Exiting the EU
Last week we finally got some more direction on Brexit. The British Prime Minister, Theresa May announced at the Conservative Party conference, that she will trigger Article 50 of the Lisbon Treaty no later than March 2017. That means, given the two-year limit for talks, the UK will have left the European Union by 2019.
One reason this isn’t happening sooner is because there are several cases in front of the Supreme Court at the moment. These argue that Article 50 cannot be triggered without the support of Parliament, something that may not happen given the closeness of the original vote.
Either way, the announcement from May hit the currency markets hard, with the GBP falling against all of the major currency pairings. In fact, the Pound was down to fresh yearly lows against the Euro and the Dollar, with little hope of a let up in the near future.
But things could be about to get a lot worse…
Hard Brexit vs Soft Brexit
A lot of the discussions that have surrounded the UK’s decision to extricate themselves from the EU have largely been centred (up until this point) on a will they/won’t they debate. However, now it has been decided that ‘yes they will’, with Theresa May confirming that she will push for a ‘Hard Brexit’.
The term Hard Brexit is there to illustrate that May wants to take back all of the control for things like immigration and trade. Under a Hard Brexit, the UK would renege on full access to the single market and full access of the customs union along with the EU. In addition, it would prioritise Britain to have full control over its borders and full control over immigration quotas.
For the time being, however, the UK would lose their trade rules with the EU, and whilst they work to agree new ones it is likely that they would fall back to using World Trade Organisation (WTO) rules.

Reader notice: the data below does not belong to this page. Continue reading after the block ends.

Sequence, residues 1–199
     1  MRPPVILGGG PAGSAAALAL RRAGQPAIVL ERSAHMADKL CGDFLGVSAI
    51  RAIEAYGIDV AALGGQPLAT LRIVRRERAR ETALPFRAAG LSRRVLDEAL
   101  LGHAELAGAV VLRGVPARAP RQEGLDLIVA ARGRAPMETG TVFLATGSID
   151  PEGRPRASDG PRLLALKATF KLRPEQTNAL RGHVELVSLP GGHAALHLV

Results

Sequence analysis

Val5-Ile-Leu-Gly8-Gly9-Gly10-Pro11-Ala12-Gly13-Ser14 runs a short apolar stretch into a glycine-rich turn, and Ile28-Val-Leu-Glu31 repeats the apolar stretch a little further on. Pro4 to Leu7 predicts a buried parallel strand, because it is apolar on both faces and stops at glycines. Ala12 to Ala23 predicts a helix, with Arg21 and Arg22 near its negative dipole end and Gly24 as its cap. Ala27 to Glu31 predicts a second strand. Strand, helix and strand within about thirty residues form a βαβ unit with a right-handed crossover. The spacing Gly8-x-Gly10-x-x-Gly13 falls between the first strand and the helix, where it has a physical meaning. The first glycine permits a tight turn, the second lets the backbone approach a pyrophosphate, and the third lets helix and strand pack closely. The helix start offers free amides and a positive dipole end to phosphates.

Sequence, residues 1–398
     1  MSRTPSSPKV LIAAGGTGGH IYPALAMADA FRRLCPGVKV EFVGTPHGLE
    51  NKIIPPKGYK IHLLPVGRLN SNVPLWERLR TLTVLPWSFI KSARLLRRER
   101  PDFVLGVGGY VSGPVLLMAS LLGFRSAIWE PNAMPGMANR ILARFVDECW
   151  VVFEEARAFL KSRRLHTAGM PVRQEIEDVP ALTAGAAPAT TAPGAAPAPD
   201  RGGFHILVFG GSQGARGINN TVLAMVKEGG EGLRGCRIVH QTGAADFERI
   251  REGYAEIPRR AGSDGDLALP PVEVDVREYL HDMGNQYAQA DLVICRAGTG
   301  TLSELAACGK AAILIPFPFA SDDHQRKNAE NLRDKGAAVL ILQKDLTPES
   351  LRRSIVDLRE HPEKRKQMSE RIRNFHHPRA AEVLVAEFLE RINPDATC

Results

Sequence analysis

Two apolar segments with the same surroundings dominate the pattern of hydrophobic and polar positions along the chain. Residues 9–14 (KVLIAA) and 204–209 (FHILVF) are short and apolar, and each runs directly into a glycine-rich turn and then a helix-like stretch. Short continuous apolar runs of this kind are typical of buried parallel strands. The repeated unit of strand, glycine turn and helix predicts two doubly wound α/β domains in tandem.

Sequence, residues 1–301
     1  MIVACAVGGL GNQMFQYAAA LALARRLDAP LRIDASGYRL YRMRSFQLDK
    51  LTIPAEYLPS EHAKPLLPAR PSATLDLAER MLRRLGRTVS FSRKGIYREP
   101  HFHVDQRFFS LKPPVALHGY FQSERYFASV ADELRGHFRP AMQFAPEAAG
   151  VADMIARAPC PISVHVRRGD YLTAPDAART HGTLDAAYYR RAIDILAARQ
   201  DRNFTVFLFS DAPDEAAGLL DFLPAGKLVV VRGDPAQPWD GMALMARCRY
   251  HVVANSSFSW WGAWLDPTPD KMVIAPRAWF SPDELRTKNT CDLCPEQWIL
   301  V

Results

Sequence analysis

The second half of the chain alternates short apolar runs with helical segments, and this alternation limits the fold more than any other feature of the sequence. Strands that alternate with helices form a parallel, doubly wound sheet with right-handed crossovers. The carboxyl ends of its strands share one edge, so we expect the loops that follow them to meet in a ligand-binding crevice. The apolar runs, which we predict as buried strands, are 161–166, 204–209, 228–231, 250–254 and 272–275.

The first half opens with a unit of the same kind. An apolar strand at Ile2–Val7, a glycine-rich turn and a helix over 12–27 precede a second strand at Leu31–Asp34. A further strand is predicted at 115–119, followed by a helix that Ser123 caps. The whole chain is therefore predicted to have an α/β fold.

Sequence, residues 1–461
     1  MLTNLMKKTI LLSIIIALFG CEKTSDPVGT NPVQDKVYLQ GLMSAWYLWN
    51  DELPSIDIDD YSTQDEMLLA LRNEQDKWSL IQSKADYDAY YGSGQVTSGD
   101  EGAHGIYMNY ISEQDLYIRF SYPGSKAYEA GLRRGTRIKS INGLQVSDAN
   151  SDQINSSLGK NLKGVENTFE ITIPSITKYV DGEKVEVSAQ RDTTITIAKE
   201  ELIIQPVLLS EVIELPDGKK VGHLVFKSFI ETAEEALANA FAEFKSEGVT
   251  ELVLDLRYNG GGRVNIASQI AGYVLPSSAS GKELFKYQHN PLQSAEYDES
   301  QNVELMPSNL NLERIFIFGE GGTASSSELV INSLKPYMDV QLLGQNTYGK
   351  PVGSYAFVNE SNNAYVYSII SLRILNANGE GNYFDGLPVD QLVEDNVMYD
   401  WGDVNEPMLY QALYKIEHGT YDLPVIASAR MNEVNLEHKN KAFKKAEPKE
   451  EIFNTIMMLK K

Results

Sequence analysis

Consequently, polls indicate that the British population do in fact want a Soft Brexit, where some trade agreements remain, immigration is shared and policed centrally, and there is a residual sense of the single-market. May confirms that this simply won’t be the case.
So What About Jobs?
Off the back of May’s speech, the pound fell, but so did the job prospects. About 71,000 jobs hang in the balance, and will only be decided once the UK starts discussions post March 2017. However, that is likely to increase all the while that uncertainty abounds about investment, economic growth and industry.
For now, around 35,000 jobs in the City are in danger. This are finance sector jobs, and will be culled or moved to the EU for various banking and regulatory reasons. The irony is now, however, British workers can’t move with those jobs because they will may no longer have the right to work and live in an EU country after 2019 so it is likely local workers (or those from other EU states) will be employed to fill the vacancies.
Some think that there is still a chance that the UK will back out of the Brexit, but May is holding firm. At the moment, however, we aren’t sure of what will happen between now and March, when Article 50 is set to be triggered.
It is thought that Britain will redouble their efforts to start informal talks, but Brussels’ line on this is that there will be ‘no discussions without notification’. In the meantime, economic uncertainty will continue.
But the idea that this will all be wrapped up within two years of March 2017 is also starting to be questioned. Trade experts say that the final agreement could take several years to negotiate, and will be subject to sign off by the remaining 27 EU states. As the Guardian put it, this leaves “open the possibility of almost endless haggling by every member with something to ask of Britain – think, for example, of Spain and Gibraltar”.
So What Happened On Friday?
At just after 7 minutes after hour (19:00 on the East Coast of the US, just after midnight in London, and the early hours of Friday in Asia), the GBP suddenly and unexpectedly dropped more than 6%. But what was more shocking was the speed in which this happened. The entirety of the drop took little over 2 minutes, with the majority of the plunge happening in just 30 seconds.
So why did it happen? Well, although the Bank of England is investigating further, many believe it may have been the result of algorithmic trading which was able to pick up on news or market moves before humans could intervene. Other’s are pointing the finger at human error, which was then exacerbated by black box trading. Whoever is to blame, the GBP is suffering as it is still low in the major currency pairings.
But flash crashes aside, the British economy seems a little fragile at the moment. Even though we have more indication from the British PM, we still aren’t any closer to knowing what is going on in regards to the Brexit, and the GBP in particular will continue to reflect that uncertainty going forward.